Sunridge Nurseries has been slowly replacing its original Agra Tech Energy Curtains, which it began purchasing in 1984, Rodriguez said. “We started changing them for newer ones about six years ago. These curtains will last 10-12 years, so we’ve been retiring roughly eight each year. They’re highly reliable, very easy to maintain and have performed extremely well since the first day we installed them.”

Agra Tech’s Slope-Flat-Slope design includes:

  • A dryer growing climate is maintained due to the air mass below the curtain that enables excellent air circulation.
  • Morning crop shock is minimized because there is less cold ceiling air above the curtain to drop on the crop when the curtain opens.
  • Better energy savings are acheived because of the small air space between the curtain and the glazing.
  • Space is better utilized because equipment can be hung below the curtain, leaving ample room above the curtain for ridge vents.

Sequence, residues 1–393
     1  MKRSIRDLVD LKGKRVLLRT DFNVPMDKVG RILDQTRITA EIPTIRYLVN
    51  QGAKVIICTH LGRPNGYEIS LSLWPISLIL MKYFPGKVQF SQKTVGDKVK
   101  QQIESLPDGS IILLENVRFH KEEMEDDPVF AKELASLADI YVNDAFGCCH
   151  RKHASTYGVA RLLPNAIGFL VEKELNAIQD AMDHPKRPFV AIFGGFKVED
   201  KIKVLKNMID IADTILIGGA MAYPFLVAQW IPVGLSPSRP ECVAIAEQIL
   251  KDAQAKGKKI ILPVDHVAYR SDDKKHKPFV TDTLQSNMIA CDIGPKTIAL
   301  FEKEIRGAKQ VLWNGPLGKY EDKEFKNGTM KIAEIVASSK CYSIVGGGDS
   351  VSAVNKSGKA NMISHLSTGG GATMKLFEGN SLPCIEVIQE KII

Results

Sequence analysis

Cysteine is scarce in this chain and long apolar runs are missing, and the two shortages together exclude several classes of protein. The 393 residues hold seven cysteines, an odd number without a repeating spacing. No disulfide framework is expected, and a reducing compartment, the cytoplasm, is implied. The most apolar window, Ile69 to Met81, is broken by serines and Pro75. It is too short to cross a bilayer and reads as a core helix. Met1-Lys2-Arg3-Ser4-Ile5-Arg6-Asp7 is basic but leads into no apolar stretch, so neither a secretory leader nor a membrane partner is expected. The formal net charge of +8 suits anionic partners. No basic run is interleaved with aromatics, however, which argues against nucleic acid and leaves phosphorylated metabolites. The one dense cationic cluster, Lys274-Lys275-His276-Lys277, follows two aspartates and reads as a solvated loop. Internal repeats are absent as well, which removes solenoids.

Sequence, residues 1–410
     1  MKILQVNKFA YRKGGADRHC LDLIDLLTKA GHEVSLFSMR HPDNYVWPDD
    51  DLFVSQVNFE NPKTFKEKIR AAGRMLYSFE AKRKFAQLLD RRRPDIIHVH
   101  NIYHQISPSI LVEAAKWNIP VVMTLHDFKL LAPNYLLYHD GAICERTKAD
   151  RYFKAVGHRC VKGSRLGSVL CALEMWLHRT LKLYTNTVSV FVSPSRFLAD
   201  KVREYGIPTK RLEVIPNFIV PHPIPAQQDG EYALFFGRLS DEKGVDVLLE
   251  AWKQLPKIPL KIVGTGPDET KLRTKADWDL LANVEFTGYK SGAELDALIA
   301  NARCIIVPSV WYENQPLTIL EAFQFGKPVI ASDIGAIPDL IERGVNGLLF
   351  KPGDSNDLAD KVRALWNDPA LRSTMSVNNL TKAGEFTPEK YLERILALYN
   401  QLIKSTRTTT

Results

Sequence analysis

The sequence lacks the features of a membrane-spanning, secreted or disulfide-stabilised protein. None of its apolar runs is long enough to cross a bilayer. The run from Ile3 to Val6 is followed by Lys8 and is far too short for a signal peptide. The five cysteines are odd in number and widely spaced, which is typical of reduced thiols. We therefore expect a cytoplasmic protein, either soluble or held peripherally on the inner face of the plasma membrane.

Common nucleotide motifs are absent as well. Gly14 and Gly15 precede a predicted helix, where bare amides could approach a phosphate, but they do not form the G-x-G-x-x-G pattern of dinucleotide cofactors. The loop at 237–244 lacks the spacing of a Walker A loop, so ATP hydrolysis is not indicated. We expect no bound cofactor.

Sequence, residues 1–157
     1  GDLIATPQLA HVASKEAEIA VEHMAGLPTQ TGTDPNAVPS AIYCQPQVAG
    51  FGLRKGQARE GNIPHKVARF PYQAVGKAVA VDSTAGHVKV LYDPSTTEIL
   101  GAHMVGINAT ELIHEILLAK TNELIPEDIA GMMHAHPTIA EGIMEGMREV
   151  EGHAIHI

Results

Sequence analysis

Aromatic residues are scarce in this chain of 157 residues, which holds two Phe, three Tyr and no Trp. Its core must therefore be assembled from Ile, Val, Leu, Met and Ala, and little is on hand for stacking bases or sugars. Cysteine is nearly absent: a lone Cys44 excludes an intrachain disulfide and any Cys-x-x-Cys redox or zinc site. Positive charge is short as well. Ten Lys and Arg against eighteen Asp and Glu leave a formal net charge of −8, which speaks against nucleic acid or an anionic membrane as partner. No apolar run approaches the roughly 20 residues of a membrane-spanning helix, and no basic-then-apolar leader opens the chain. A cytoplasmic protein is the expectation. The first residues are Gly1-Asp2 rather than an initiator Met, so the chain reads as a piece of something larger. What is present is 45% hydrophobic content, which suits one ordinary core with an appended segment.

Agra Tech’s Push-Pull design includes:

  • Push-pull describes the drive mechanics of the system. It is a high strength, low friction, rigid system requiring little maintenance.
  • The curtain is pushed and pulled to open and close.
  • Continuous 1 3/8″ pipes run from end to end of the greenhouse connecting the entire system together. They are driven by steel racks and pinions and supported within low friction roller guides.

All Agra Tech Energy Curtains include:

  • Galvanized steel racks and pinions for long life and low maintenance.
  • Spring steel fabric clips
  • Most support and restraint monofilament cables in industry
  • Full leading edge and gutter seals included

By: Ed Attanasio

Shade Houses provide seasonal low-cost protected space

Shade structures provide protection against wind and solar radiation.  They are a useful tool for modifying the environment and extending the growing season, both in cold and warm weather.

Shade houses can provide frost protection for perennials and herbs during winter.  Temperatures inside can be as much as 20°F higher than outdoors.  Shade houses can also be used to harden off bedding plants before they are shipped to retailers.  Protection of outdoor-grown foliage plants that require lower light levels is also possible with shade structures in some climates.